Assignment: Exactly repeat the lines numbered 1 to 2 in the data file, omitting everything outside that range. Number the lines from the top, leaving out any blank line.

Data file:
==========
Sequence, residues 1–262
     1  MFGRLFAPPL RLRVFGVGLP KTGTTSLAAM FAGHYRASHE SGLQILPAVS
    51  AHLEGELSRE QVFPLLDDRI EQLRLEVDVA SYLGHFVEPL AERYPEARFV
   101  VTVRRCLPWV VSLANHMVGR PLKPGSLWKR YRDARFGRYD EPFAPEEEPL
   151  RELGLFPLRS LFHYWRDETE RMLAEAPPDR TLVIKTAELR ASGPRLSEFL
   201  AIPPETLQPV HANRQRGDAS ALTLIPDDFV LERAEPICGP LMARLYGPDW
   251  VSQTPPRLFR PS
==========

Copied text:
Sequence, residues 1–262
     1  MFGRLFAPPL RLRVFGVGLP KTGTTSLAAM FAGHYRASHE SGLQILPAVS